I can most definitely say: yes, it is necessary that we all consider gender-neutral language, educate ourselves and make up our minds on how we want to use it. The challenges vary from language to language, and there are different obstacles in written versus spoken language. But the main question remains the same: do we exclude and offend certain groups of people in how we communicate?
The English language doesn’t have a grammatical gender, unlike many other languages. This means it doesn’t have masculine or feminine nouns, unless they refer to biological sex such as woman/man or boy/girl. However, there are plenty of nouns that end in -man, e.g. ‘policeman’ or ‘chairman.’ In some cases, there are words that count for both genders, like ‘teacher.’ In German, it’s more complex. We usually have (here, for ‘teacher’) a male, ‘Lehrer,’ and female noun, ‘Lehrerin.’ When referring to both, we typically choose the male word, implying that we also mean females without explicitly naming them. And this form of discrimination is common practice in our daily language – in most cases done unconsciously, but used over generations.
According to a recent article in the Frankfurter Allgemeine Zeitung, the majority of German DAX companies currently use or plan to introduce gender-sensitive language. I think this is an important step in the right direction. Language mirrors power structures. And if we only use male versions of words, it also reflects our thinking. But it isn’t my goal to worsen the war of the sexes. It’s important to me to address all genders. I have to admit: this doesn’t always come naturally to me, since I also grew up in a time when there was no particular focus on the topic. But I’m really trying to improve my sensitivity without forcing it. For example, in my podcast, I now speak to my audience as ‘Hörerinnen und Hörer’ – addressing both male and female listeners.
Language evolves over time. While there are many ways to reflect diversity in written German – with a gender star* (Lehrer*innen), a capital letter inside (LehrerInnen) or using underscore (Lehrer_innen) – the spoken language is more difficult. We want to include everyone, while still talking smoothly without stumbling over every other word. Clear communication is key to success. In English this might be easier, since there are more neutral equivalents that are used to include both genders, such as ‘police officer’ or ‘spokesperson.’ In German and other languages, we need more practice and to exercise care in the words we choose. In one of my latest podcasts of Die Boss, conductor Simone Young gave the interesting example that she doesn’t want to be called ‘maestra,’ the female counterpart to the commonly used male version ‘maestro,’ since it means Kindergarten teacher in Italian, which makes it rather misleading. So there are still many hurdles to overcome in this process.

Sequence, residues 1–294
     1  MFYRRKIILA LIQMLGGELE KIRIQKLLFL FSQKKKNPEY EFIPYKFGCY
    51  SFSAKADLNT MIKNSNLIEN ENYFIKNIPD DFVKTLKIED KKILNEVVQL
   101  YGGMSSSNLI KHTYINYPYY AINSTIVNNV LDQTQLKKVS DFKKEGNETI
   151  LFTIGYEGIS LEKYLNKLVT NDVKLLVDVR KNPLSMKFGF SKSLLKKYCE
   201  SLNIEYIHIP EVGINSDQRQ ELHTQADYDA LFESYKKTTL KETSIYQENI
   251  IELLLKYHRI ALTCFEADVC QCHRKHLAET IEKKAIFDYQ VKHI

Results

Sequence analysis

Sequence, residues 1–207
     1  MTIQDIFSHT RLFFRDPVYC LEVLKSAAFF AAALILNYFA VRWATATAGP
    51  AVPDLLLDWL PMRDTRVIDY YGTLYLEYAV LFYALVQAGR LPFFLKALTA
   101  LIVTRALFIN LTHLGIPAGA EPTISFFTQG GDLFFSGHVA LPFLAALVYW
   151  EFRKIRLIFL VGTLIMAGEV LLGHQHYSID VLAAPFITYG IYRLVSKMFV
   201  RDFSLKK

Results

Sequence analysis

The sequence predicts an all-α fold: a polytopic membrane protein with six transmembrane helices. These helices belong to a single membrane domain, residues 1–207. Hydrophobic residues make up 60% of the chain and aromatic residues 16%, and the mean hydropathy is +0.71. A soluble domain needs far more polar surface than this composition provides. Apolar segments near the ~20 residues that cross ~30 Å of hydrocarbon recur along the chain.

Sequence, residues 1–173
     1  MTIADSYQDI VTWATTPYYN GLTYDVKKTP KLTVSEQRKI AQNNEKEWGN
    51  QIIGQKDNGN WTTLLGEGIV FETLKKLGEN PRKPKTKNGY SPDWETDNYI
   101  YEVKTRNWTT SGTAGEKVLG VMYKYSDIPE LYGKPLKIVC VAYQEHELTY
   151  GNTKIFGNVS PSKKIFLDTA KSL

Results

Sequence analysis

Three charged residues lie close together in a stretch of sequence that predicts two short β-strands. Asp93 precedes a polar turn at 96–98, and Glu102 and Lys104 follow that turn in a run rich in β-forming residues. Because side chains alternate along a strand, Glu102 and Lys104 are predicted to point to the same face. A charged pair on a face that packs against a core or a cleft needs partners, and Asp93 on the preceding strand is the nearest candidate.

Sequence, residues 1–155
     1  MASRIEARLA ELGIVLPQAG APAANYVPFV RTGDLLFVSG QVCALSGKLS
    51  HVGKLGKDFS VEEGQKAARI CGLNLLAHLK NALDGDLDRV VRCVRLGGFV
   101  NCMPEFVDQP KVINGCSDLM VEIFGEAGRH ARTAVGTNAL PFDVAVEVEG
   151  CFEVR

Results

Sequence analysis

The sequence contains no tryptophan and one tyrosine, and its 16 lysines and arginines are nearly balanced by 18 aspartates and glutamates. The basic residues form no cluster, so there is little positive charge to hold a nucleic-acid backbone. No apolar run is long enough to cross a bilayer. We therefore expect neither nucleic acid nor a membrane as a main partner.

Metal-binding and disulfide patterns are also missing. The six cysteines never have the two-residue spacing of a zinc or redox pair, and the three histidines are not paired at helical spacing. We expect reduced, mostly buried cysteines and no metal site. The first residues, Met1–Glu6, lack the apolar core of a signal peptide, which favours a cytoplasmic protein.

In my opinion, gender-neutral language holds a great deal of potential, but has to be combined with the right activities and framework in order to make a real change in terms of gender equality and inclusion. Everyone has to take actions in his or her daily life to change outdated thinking patterns and corporate structures. Ignorance is not an option. And that’s why clear communication based on gender-neutral language is one important aspect of achieving this goal in the long run. When we speak publicly, we should think at least for a moment about how to address different genders best – whether by using the female and male versions alternately or by using neutral expressions such as ‘Studierende,’ a very common German expression for students that includes all genders alike. I think it’s worth it.
If you want to learn more about gender & diversity, please also tune in to Michael Ehlers’ ‘rhetoric podcast,’ where I was recently a guest to discuss the topic with other experts.